Time to Talk:
The Importance of Sharing Your Story
Like any other health challenge, mental health challenges won’t always get better on their own. The first step toward feeling better is just finding the courage to tell someone, Hey, I don’t feel ok right now. We can’t very well address problems that we can’t talk about.
Our goal is to talk as easily about a mental health need as we would a physical health need. If you broke your foot, let’s say, wouldn’t you say something about it? Harboring a mental health need in secret can be just as harmful as limping around on a fractured metatarsal all week, telling everyone you feel strong as an ox.
For a long time, the stigma surrounding mental health silenced very significant mental health stories, and it isolated everyone who really needed to express their stories and everyone who needed to hear them. And although we have made significant strides in fighting stigma, there is still work left to be done. We can all play a part in the solution by being open, being honest, and showing up for the conversation.
Here are a few things to consider when it comes to talking about your mental wellbeing and sharing your story.
1. Check in with yourself
We spend a lot of time trying to ignore our unpleasant feelings, but to express ourselves to someone else, it will help to think for a moment: how am I really feeling? What doesn’t feel right?
Here are a few common thoughts and feelings that may signal a mental health challenge:
• A persistent sense of sadness that lingers, sometimes you may not even be sure what it is that you feel sad about.
• Feeling overly anxious or worried most of the time.
• Often feeling empty or hopeless.
• Finding it difficult to concentrate on school work, and losing interest in the things you used to enjoy doing.
• A difficulty with managing your appetite, whether that means overeating or a lack of appetite altogether.
• Having thoughts of self-harm.
If you find yourself dealing with any of the above feelings, let’s try to fix that. There’s no need to wait and hope these things will go away on their own. We all deserve to be well.
2. Talk to someone you trust
It takes courage to tell someone that you’re not feeling ok. Maybe you’re worried about how your loved ones will react, or maybe you don’t want to worry someone you care about with your problems. Let’s get this clear first of all: your wellbeing is worth worrying about! If somebody you cared about was struggling with a mental health challenge, wouldn’t you want to know—wouldn’t you want to help if you could?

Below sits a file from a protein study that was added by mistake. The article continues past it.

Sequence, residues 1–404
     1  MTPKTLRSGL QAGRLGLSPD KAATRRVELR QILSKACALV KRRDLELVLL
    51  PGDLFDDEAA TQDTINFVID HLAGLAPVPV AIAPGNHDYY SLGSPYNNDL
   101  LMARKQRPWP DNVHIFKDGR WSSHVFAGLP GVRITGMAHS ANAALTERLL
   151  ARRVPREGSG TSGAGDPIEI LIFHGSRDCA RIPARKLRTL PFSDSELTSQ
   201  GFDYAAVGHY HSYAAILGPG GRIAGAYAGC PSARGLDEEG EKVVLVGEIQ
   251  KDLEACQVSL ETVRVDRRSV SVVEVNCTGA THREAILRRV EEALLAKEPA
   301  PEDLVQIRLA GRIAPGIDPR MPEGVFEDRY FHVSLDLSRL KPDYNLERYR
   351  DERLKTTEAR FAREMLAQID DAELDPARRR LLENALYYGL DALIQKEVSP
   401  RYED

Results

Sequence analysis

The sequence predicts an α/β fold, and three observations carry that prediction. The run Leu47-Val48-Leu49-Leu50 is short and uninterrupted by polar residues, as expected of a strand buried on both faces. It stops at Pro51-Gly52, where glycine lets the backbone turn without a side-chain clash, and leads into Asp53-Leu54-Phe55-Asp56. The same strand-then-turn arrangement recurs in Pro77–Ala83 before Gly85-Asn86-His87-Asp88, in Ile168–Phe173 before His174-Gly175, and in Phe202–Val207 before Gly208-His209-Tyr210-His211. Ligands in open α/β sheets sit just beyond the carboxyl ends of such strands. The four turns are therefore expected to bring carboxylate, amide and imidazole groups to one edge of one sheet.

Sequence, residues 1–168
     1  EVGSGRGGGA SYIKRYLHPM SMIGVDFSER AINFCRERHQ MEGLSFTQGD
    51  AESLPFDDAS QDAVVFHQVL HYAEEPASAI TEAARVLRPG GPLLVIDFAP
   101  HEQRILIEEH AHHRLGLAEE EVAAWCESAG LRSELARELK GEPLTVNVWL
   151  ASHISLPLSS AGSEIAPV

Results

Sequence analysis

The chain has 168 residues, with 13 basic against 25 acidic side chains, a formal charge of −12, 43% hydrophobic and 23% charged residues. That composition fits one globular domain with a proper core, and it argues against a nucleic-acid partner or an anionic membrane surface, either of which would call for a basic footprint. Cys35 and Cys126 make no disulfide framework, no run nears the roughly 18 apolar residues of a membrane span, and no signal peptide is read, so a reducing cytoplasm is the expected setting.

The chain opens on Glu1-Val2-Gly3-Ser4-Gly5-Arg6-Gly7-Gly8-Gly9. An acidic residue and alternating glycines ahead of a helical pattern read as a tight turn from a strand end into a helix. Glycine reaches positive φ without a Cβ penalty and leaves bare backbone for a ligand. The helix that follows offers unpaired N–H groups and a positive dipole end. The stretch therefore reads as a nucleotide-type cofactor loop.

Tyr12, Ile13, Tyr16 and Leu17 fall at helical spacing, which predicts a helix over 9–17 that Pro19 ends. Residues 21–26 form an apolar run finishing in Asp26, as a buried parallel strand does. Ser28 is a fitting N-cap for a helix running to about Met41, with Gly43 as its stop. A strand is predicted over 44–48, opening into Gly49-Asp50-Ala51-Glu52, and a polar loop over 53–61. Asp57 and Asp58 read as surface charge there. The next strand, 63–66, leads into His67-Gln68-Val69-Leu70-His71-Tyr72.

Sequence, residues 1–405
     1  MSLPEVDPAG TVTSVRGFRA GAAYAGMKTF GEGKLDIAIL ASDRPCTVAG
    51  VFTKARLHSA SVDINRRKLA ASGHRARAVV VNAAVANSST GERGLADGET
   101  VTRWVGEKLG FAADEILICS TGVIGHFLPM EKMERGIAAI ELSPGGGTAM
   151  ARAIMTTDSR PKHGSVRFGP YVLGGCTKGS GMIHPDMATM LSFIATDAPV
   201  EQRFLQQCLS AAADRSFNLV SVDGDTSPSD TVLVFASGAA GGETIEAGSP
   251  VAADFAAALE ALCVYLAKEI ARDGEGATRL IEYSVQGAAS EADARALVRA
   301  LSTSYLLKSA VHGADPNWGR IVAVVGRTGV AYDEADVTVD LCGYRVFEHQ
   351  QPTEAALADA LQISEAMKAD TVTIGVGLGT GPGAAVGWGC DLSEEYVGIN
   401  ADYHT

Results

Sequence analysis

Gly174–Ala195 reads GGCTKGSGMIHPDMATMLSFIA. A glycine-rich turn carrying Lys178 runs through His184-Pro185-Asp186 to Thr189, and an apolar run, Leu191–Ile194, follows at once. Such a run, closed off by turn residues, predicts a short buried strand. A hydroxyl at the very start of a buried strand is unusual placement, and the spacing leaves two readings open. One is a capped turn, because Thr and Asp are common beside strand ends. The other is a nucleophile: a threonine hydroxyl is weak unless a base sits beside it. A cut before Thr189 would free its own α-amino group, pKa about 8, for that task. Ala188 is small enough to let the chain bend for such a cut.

When we confide in someone, really we’re honoring them with our trust. It is good to be needed, which is lucky for all of us because we all need help sometimes. The person you talk to about your own mental wellbeing may be a good friend, a significant other, a sibling, a parent, or any other family member or person in your life that you trust. You don’t need to overthink this part. Talk to someone you care about. Find some time to spend together. Then let them know how you’re doing.
3. Tell your story
When we tell our stories to the people we care about, we’re not just helping them understand how we feel; we’re also helping ourselves figure out how we think. When we leave our thoughts to bounce around in our heads too long, it can get so difficult to make sense of anything—everything becomes a loud jumble of worry. But when we let it out—when we tell our story—that gives us a chance to work through it, to hear it aloud, and to see it all more clearly.
It also provides us with a chance to move on, and to see how much we’ve grown, and to see how much we’ve faced already. To get to that next chapter of our story, we have to put the sentences out there, place a period down at the end of it, and then we can finally start turning the page.
4. Now can keep the conversation going
Mental health, just like physical health, isn’t a one-time conversation. We will always have our good days and our bad, but the good news is, now that you’ve opened up this communication once, the second time, and third and so on will be that much easier. And that’s the goal, isn’t it? To make the conversation easy. Next time they ask you how you’re doing, you can just be honest. Think of this first conversation as a foundation.
5. Your story is important to others
When you talk about your own mental wellbeing, it can also be a gift to someone else. When one person finds the courage to be open, and honest, and to ask for help, he or she gives the next person the courage to follow in those footsteps. To encourage the people, you care about to be open about their health needs, try to model that openness yourself, and instruct by example.
You never know, it may be that your story is exactly the thing someone else needs to hear right now.
Mental health challenges are difficult enough on their own. No one should struggle with them alone. You can share your story and join the conversation on social using the hashtags #BeWell, #BeHeard, and #BeThere.
And if you need little extra courage before talking to the people close to you, there are teens at Teen Line who want to listen. Call 310-855-4673, or text TEEN to 839863. Teen Line is open for calls from 6-10 PM California time. Another contact is Oregon Youth Line – Call 877-968-8491 or text TEEN2TEEN to 839863.
Photo: Getty Images